The Japan Wind Power Association said Thursday it aims to expand the country’s installed offshore wind power capacity to 10 gigawatts (GW) in 2030 and 30-45 GW in 2040.
Offshore wind power currently provides only a small fraction of Japan’s electricity supply, but will grow after a law, the Offshore Wind Power Promotion Act, went into effect last year to stimulate development.
“Japan has enormous potential to build large-scale offshore wind farms, a potential of 128 GW for fixed bottom and 424 GW for floating wind,” said Jin Kato, president of JWPA, at a press conference.
“Nuclear power plants have struggled to restart, while Japan has decided to fade old coal-fired plants, and renewable energy is the only solution to fill a deficit of these energy sources,” said Kato.
Kato said the Japanese government should set ambitious long-term goals for offshore wind power generation, which can help attract investment, including foreign manufacturers of wind turbines and blades to build local supply chains. The government also needs to improve the network.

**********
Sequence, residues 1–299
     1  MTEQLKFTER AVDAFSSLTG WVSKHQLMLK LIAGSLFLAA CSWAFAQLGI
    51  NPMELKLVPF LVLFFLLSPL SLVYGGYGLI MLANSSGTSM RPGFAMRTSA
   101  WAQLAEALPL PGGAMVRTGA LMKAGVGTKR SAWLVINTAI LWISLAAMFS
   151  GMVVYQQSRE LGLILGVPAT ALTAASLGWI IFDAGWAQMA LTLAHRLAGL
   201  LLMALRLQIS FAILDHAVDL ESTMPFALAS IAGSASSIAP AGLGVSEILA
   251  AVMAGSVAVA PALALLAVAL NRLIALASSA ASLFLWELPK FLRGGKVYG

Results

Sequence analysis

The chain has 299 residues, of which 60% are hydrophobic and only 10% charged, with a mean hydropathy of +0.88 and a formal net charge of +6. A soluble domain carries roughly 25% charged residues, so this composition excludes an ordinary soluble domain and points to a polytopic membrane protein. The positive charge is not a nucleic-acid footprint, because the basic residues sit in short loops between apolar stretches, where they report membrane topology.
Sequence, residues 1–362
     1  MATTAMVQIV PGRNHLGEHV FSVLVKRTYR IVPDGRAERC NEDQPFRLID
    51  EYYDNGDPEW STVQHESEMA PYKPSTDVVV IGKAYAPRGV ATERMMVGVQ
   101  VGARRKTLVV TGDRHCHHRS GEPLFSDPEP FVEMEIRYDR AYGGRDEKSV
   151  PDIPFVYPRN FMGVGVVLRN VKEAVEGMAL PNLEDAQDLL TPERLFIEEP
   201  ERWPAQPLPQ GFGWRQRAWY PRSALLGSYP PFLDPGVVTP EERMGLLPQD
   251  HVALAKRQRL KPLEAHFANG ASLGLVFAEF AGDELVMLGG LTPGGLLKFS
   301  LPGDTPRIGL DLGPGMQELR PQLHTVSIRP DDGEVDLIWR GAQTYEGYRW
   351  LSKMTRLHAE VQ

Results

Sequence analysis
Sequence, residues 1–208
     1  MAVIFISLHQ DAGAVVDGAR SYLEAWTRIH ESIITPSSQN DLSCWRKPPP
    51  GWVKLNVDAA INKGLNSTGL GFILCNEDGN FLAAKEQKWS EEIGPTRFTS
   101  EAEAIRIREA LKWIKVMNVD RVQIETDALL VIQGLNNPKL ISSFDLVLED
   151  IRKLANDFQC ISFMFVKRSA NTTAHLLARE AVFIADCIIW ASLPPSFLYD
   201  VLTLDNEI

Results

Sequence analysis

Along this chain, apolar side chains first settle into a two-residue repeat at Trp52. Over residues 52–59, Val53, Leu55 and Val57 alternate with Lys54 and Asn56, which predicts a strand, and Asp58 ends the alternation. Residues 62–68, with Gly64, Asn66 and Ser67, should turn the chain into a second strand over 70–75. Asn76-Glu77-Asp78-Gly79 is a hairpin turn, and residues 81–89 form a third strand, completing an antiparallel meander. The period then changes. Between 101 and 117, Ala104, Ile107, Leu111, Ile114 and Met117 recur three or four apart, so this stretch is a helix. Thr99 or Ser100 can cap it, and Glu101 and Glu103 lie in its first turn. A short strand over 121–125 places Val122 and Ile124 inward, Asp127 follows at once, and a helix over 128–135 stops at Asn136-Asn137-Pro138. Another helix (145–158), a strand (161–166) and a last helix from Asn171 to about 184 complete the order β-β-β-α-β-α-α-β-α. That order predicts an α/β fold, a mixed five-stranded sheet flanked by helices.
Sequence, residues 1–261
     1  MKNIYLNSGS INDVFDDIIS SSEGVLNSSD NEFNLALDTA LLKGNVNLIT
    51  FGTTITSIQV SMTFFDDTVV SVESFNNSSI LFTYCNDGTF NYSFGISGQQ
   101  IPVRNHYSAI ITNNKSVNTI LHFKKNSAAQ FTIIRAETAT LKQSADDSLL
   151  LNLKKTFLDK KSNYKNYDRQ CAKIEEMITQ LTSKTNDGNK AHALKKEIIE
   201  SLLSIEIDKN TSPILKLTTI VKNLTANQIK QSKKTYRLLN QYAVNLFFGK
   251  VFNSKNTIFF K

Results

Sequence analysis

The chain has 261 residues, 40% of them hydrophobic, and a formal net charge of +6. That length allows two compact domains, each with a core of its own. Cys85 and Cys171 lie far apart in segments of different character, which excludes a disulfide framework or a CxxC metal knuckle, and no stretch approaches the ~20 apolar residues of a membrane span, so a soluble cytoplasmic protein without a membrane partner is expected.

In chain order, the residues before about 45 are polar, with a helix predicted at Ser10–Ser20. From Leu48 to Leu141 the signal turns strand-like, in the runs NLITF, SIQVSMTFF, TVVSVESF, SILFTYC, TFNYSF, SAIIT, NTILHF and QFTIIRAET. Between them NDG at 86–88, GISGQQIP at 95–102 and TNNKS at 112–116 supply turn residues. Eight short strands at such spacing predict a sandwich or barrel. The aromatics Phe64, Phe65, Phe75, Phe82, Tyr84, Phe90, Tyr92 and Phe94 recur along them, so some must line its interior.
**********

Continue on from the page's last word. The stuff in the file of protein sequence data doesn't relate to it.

If the government’s wind power efforts are successful, Japan’s offshore wind power generation cost could drop to 8 yen ($ 0.076) per kilowatt-hour (kWh) in early 2030, close to the current cost of 5 -6 yen / kWh in Europe, Kato said.
Japan’s Power Tariffs (FIT) and recently extended offshore wind licenses are attracting big names to Japan’s wind power sector.
Ørsted, the world’s largest offshore wind farm developer, together with Tokyo Electric Power Company, plans to submit a bid for a planned auction for an offshore wind project in Choshi, Chiba, near Tokyo.
German utility RWE and Kyushu Electric Power are considering a joint bid in a planned auction for a project off the coast of Yurihonjo city in Akita, northern Japan.